Early Summer Reading

The first book worth mentioning, when it comes to my early summer reading, is Keith Richards’s Life, with its oft-amusing portraits of life as a Rolling Stone and Richards’s striking common-man writing voice. In the book there are some truly great stories – especially the excellent set-piece that serves as the opening chapter and reminds me in this way of the way the opening set-piece of Don DeLillo’s Underworld works – but ultimately I would have to admit that the book became a bit of a slog for me to get through in that I found myself very much able to put it down and return to it later. That’s not much of a critique, in that there’s nothing wrong with putting a book down, but Richards at times went over the top in his self-estimation of certain things – his drug intake, his ability to drive brilliantly at night, his excitement about playing with Jamaican musicians – so that he could become hard to take after a while. I’d recommend it to others, especially for the unbelievably conflicted feelings he has toward Mick Jagger (it’s not all negative, as the press about the book seemed to emphasize). Those parts are just plain fascinating – has anyone known such a complicated love/hate relationship? Life is not a must read, but it certainly has its moments. Great for the beach.

The next book worth mentioning is a novel by Joshua Ferris, The Unnamed. You may have come across Ferris before: he’s a young writer and his previous novel – Then We Came to the End – was something of a commercial and critical success, with plenty of positive reviews and placement on lots of Top Ten Novels of the Year lists. Perhaps you recall it: Ferris used the first-person plural to situate his story of workplace ennui, set in an ad agency in Chicago as the Internet boom came to an end. I remember reading Then We Came to the End and finding it funny at first in its satire of American boom ideology, but as I kept reading I found it less funny than clever, and by the end I was kind of tired of its cleverness and hoped it would start to add up to something more. I didn’t really think it ever did, though I also thought that it was pretty good for a first novel – to be fair to Ferris.

I began The Unnamed this winter when my kids were taking ski lessons. I became enamored of it because I found the plot conceit rather engaging. Tim is a highly successful attorney, married with a daughter, who is undergoing an affliction that is unknown to mankind: a compulsion to set out walking, walking for hours and hours until he collapses from exhaustion. This compulsion has returned – which means that he has had it before, which he did, and then it passed. But it has returned now with a vengeance. At any moment – at home, at work, anywhere – Tim’s body starts to walk. No doctor knows what is going on; his case is even profiled in The New England Journal of Medicine. Irregardless of the impact on her own work and well-being, his wife Jane is loyal to Tim, driving to find him at night, collecting him from wherever he has collapsed. His daughter Becka is rather estranged from him, but not so much because of the compulsion but because Tim is so driven to succeed at work that he tends to ignore his daughter and is unable to make any emotional connection to her.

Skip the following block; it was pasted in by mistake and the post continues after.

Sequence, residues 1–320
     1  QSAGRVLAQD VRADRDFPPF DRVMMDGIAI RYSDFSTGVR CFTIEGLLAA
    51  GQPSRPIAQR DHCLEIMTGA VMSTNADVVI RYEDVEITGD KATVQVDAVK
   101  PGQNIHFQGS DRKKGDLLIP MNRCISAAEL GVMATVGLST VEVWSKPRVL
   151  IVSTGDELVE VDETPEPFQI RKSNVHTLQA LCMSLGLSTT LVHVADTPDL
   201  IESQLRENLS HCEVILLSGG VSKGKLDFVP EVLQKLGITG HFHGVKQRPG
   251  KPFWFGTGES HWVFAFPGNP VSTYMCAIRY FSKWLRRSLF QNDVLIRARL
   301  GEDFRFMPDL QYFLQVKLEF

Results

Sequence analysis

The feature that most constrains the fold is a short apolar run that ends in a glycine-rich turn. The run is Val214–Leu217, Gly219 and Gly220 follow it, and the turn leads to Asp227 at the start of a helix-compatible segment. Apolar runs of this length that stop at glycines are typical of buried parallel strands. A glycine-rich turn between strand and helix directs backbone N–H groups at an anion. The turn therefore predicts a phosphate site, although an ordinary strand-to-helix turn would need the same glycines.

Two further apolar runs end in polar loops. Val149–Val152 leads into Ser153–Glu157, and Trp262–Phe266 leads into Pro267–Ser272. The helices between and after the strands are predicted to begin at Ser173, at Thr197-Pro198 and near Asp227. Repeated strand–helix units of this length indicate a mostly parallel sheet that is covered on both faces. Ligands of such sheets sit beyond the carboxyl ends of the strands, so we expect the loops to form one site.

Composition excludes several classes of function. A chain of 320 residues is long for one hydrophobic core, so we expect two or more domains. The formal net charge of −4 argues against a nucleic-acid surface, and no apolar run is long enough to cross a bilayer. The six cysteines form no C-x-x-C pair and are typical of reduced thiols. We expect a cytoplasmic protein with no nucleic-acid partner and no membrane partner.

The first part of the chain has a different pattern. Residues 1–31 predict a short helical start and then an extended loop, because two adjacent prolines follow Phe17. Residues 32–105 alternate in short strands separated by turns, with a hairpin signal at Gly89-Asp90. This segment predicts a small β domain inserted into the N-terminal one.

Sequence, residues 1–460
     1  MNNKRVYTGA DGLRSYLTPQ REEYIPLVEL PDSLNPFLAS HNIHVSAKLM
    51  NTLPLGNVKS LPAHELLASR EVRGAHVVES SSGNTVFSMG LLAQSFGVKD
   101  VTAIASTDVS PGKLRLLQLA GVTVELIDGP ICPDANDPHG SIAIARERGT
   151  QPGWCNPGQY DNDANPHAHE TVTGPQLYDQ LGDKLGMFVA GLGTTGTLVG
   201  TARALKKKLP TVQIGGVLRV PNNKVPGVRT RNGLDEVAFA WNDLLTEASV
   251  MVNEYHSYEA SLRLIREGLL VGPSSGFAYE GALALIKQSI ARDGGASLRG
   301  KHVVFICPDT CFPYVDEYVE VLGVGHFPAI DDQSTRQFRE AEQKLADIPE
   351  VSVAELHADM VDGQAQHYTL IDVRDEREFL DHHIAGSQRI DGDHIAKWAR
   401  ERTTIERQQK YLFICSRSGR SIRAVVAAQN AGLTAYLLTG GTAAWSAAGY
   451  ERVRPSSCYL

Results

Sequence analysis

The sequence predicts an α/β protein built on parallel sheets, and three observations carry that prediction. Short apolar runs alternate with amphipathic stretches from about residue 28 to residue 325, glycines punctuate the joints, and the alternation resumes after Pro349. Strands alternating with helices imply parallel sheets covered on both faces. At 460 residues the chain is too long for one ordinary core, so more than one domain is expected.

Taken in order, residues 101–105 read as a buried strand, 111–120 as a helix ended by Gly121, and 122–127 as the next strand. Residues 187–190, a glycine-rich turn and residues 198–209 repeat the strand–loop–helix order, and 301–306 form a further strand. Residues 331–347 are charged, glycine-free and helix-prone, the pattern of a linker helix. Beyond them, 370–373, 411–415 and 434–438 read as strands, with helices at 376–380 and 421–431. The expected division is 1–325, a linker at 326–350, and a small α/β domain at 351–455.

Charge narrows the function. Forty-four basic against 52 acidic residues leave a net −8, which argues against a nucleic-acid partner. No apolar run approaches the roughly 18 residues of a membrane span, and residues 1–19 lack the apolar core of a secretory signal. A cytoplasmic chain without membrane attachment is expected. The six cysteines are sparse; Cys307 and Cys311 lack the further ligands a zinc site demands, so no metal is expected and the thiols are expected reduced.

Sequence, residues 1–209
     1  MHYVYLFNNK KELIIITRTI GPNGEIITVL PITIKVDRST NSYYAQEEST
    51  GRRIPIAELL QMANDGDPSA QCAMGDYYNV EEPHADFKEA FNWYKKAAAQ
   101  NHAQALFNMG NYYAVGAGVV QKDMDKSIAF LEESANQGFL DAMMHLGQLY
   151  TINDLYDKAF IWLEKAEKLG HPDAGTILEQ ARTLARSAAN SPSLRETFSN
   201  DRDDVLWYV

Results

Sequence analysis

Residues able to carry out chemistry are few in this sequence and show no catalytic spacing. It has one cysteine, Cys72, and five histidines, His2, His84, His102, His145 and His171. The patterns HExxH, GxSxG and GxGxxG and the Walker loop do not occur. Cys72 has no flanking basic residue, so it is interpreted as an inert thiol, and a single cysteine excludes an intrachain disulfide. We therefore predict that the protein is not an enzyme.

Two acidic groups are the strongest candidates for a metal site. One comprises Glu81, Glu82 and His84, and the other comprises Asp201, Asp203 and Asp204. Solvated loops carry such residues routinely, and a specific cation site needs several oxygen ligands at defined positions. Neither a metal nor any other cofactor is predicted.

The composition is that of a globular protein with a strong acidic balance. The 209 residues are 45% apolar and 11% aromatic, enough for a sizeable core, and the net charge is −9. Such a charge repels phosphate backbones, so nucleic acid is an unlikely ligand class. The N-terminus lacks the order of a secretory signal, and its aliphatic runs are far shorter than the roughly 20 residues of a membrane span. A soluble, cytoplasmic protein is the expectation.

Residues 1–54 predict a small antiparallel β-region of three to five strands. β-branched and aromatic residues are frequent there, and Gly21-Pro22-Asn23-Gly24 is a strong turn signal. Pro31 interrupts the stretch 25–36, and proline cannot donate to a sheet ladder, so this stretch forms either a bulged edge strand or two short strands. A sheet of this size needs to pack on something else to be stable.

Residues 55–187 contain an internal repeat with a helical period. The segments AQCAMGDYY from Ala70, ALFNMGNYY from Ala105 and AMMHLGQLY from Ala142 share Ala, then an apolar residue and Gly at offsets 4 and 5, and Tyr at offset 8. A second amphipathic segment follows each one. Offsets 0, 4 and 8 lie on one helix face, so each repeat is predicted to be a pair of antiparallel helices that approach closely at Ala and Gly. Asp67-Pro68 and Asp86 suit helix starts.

As my kids skied, I would read snippets of the novel and savor Ferris’s writing and Tim’s problems. However, because of the time constraints of the Spring semester, I decided to call a halt to my reading of the book and to wait until the summer to return to it. When I did, I became fully engrossed rather quickly and ate it up like a fresh key lime pie. The compulsion – it’s hard to call it an illness because it’s never made clear exactly what it is (physical, mental, emotional, spiritual, etc.) – ruins Tim’s career and devastates his family and the novel, on one level, dramatizes that destruction and the broad pain it causes all of the individuals in the family. On another level, the novel offers a portrait of the love affair between Tim and Jane – her loyalty to him that eventually leads to her own destruction and his loyalty to her, which is of a much more complicated sort. That element of the novel is rather brutal in its portrayal. Add to this the portrayal of Becka and the damage that Tim’s dedication to work, and then the recurrence of the compulsion, have wrought on her. The novel, in short, is hard work, at least in terms of its emotional pull on the reader.

Ferris has some strong gifts as a writer and he has come up with something strikingly original in his story. There are echoes here of the type of story that focuses on cancer and what it does to individuals and families, and much of the emotional vibe of the book is one of grieving, of something lost. There were times when I turned to my wife and said, “This part must be a dream sequence because there’s no way it could have gotten this bad, there’s just no way.” But there was. It’s terribly sad. But the novel isn’t perfect, nor fully satisfying. For all the things that Ferris can do, he hasn’t yet mastered the skill of making us feel fully invested in his characters. The story is compelling more than the characters themselves are. I wanted Jane and Becka both to be more fully developed characters. But still, overall, I’d recommend the novel, in part – I suppose – because I’d love to have someone to talk about it with!